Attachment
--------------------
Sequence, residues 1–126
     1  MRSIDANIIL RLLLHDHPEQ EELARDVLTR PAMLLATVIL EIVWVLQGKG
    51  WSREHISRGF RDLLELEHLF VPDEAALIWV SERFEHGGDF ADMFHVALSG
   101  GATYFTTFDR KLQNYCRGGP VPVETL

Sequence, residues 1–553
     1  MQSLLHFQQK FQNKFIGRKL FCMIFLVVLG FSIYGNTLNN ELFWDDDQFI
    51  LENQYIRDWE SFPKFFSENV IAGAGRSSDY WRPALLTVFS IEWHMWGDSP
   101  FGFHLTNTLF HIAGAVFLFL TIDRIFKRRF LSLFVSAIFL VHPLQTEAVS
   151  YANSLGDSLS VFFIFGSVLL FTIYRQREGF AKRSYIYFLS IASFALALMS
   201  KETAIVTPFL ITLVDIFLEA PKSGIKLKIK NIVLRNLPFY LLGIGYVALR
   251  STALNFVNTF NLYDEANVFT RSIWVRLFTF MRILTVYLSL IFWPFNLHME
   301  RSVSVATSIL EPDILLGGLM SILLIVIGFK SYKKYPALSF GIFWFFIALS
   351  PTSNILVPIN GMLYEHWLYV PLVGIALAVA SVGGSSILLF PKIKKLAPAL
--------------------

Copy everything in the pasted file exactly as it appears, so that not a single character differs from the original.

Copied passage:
Sequence, residues 1–126
     1  MRSIDANIIL RLLLHDHPEQ EELARDVLTR PAMLLATVIL EIVWVLQGKG
    51  WSREHISRGF RDLLELEHLF VPDEAALIWV SERFEHGGDF ADMFHVALSG
   101  GATYFTTFDR KLQNYCRGGP VPVETL

Sequence, residues 1–553
     1  MQSLLHFQQK FQNKFIGRKL FCMIFLVVLG FSIYGNTLNN ELFWDDDQFI
    51  LENQYIRDWE SFPKFFSENV IAGAGRSSDY WRPALLTVFS IEWHMWGDSP
   101  FGFHLTNTLF HIAGAVFLFL TIDRIFKRRF LSLFVSAIFL VHPLQTEAVS
   151  YANSLGDSLS VFFIFGSVLL FTIYRQREGF AKRSYIYFLS IASFALALMS
   201  KETAIVTPFL ITLVDIFLEA PKSGIKLKIK NIVLRNLPFY LLGIGYVALR
   251  STALNFVNTF NLYDEANVFT RSIWVRLFTF MRILTVYLSL IFWPFNLHME
   301  RSVSVATSIL EPDILLGGLM SILLIVIGFK SYKKYPALSF GIFWFFIALS
   351  PTSNILVPIN GMLYEHWLYV PLVGIALAVA SVGGSSILLF PKIKKLAPAL